Hard News by Russell Brown


A little understanding

My last Listener column is here. It is, you probably won't be surprised to learn, about the internet: and more specifically about the role the internet has played in revealing, explaining and supporting the key fact of our family's life -- that our two boys are on the autistic spectrum.

The column, I think, speaks for itself. But I'd like to thank all the Listener readers who have emailed me this week to acknowledge the long run the column has had, and the role it has played for them. I really appreciate that.

If you didn't read Chris Barton's moving, provocative feature in the Weekend Herald about the plight of Jonathan Eady and his sisters. Jonathan, who is autistic, was removed from his parents' care 10 years ago after the publication of a picture in which he was seen clad in leather restraints.

I was less shocked by the picture than your average person, I would think. It was clear that his parents had no support in dealing with his inexplicable, sometimes dangerous, behaviour. And I know that some people on the spectrum actually derive comfort from such restraint. The great Dr Temple Grandin in part manages her own mood by using The Squeeze Machine; a restraint device she helped develop for livestock.

I don't know if that was the case for Jonathan, but it seems clear to me that his present, lonely predicament in care is wrong, especially if there are family members willing to offer a richer life.

Some other people who could use a little understanding:

This mother, who suffered the humiliation of having her plane turn around and return to the airport after the cabin crew (it seems) badly mishandled a situation with her autistic toddler. Among other things, they refused to let the mother hold on to a bag of objects she would have used to distract and calm her son.

And the alarming story of a mother called in to school to be confronted with allegations that her autistic daughter was being sexually abused -- on the evidence of a psychic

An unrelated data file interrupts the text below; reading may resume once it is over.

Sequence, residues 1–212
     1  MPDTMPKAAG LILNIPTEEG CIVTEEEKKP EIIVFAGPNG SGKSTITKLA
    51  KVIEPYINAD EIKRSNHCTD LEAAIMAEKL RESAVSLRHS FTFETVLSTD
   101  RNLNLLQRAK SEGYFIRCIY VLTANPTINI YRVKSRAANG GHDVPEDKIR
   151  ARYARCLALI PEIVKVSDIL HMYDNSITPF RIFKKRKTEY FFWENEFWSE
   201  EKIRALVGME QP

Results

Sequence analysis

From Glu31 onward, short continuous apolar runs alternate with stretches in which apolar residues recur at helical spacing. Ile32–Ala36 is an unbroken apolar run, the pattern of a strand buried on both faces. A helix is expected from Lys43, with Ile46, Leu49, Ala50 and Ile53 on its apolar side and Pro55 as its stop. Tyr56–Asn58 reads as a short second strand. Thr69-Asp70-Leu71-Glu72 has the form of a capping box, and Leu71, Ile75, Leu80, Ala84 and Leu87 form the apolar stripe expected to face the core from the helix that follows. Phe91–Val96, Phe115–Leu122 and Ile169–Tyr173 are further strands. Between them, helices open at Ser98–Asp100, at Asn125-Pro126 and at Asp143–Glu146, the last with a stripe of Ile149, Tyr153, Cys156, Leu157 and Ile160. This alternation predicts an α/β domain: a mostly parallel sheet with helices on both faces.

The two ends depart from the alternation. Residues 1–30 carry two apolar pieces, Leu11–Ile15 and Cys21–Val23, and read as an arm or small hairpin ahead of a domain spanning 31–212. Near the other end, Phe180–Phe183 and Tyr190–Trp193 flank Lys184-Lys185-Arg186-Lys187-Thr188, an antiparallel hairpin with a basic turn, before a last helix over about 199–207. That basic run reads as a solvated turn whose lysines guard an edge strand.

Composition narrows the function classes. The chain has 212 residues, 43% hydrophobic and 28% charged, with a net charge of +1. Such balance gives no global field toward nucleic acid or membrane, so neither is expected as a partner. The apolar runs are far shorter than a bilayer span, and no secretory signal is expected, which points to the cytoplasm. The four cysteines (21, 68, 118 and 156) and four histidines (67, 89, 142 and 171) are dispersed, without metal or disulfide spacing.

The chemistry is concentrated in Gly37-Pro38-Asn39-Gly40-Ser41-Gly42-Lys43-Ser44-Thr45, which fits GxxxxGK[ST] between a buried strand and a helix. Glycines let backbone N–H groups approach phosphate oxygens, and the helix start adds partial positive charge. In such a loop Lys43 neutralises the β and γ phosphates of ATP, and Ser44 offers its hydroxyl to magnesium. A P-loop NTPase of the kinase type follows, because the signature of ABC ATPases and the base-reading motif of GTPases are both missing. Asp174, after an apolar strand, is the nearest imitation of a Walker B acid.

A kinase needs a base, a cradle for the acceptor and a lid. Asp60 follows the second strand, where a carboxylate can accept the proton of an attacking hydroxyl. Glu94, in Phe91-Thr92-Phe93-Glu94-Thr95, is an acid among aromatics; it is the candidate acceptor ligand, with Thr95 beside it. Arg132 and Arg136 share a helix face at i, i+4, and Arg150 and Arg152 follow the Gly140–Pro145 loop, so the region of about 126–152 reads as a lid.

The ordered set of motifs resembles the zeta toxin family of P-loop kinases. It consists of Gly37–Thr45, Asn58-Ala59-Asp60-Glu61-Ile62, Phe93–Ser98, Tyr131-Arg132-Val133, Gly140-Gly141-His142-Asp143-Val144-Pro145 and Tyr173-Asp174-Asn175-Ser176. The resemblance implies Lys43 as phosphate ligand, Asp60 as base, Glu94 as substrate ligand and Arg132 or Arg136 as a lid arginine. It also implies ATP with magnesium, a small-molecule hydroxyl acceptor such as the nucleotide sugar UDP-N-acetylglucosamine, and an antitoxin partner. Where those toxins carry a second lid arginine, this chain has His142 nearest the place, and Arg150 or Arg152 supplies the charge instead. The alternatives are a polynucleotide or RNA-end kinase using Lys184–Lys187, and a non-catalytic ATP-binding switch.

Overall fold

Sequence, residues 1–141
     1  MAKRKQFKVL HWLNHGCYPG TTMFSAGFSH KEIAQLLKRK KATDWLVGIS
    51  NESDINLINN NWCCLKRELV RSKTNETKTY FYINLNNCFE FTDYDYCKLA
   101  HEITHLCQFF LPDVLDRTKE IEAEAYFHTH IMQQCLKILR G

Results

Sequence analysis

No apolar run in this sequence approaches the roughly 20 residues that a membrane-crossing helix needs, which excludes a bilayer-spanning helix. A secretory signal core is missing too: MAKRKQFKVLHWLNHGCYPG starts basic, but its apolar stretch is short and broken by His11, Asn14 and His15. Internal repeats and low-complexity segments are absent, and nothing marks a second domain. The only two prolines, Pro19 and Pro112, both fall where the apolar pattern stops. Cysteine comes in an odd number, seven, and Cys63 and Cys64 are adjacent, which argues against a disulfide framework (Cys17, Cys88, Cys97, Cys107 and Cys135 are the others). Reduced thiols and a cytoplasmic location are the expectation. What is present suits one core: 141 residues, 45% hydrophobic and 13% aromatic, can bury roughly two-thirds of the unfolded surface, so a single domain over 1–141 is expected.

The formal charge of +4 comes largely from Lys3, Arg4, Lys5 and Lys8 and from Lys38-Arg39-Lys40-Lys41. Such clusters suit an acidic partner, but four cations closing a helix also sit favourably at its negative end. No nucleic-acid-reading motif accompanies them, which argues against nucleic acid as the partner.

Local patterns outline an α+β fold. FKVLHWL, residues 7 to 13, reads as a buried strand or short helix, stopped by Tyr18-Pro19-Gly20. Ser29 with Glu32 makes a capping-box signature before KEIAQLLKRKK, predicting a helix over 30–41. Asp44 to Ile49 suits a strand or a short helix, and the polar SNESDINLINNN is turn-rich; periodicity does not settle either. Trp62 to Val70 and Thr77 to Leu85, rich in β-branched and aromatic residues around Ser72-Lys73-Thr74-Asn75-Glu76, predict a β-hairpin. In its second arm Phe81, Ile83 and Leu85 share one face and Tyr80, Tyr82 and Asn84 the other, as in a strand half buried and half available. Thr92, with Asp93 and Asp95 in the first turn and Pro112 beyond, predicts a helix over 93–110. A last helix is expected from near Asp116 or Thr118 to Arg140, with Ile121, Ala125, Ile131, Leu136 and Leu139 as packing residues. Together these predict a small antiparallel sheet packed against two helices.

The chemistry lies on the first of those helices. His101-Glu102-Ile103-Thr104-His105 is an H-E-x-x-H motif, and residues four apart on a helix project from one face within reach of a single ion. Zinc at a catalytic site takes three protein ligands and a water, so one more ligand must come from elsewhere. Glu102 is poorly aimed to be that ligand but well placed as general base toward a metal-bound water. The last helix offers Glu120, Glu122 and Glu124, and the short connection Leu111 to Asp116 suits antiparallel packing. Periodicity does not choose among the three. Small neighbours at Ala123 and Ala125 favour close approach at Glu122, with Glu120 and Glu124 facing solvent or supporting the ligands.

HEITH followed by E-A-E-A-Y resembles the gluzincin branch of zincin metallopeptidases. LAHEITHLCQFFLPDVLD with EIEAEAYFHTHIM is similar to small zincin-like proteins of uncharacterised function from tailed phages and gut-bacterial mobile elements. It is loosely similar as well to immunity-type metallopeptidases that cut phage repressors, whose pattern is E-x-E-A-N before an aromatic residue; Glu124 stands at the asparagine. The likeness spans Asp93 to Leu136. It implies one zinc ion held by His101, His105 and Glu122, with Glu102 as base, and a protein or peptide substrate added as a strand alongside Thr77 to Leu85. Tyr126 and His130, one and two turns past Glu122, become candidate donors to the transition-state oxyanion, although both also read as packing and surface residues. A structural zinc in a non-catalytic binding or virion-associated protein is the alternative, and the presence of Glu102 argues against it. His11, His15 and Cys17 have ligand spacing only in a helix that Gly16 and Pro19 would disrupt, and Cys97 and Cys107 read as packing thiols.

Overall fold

On a happier note, the humans blog (which I am going to get back to soon, now that I've reduced my workload enough to allow it), has an account from Matt Frost, the Policy and Information Researcher at CCS Disability Action National Office in Wellington -- Aspie and proud -- of his trip to New York as support person for Mike Gourley, the president of the New Zealand Disabled Persons Assembly, to receive a UN award on the country's behalf.

Back to that last column: Nigel Horrocks suggested to me that it was the end of an era in which a bunch of us had the pleasure of bringing the internet -- and the world of ideas it embodies -- to a mainstream audience. I guess it is. But I still have the Wide Area News name, and I like the idea of continuing those ideas in another setting.

For now, this is kind of fascinating: Stuart Page used Johnny Cash's version of 'Personal Jesus as the soundtrack to a clip of Megan Hansen-Knarhoi sewing, well, a personal Jesus that's part of her Aapparition show. He got an email from YouTube saying that Universal Music Group had asserted copyright in the song.

But the clip won't be removed. The message said, in part:

Dear YouTube Member:

UMG has claimed some or all audio content in your video APPARITION. This claim was made as part of the YouTube Content Identification program.

Your video is still live because UMG has authorized the use of this content on YouTube. As long as UMG has a claim on your video, they will receive public statistics about your video, such as number of views. Viewers may also see advertising on your video's page.

This is quite an intriguing solution, and not one I've heard of before. (Last time I looked, however, there was a Clear Net ad showing on the page.) Anyone know any more about this policy?

And finally, over at The Hand Mirror, Ms Enid Tak-Entity's electrifying Feminist gets a wax, anaesthetises crotch with feminism. Ouch.

PS: My darling and I are having a little dinner out tonight, to mark what is roughly 20 years together (not just knowing each other -- that's pushing 30). I think regularly how lucky we are to have each other.

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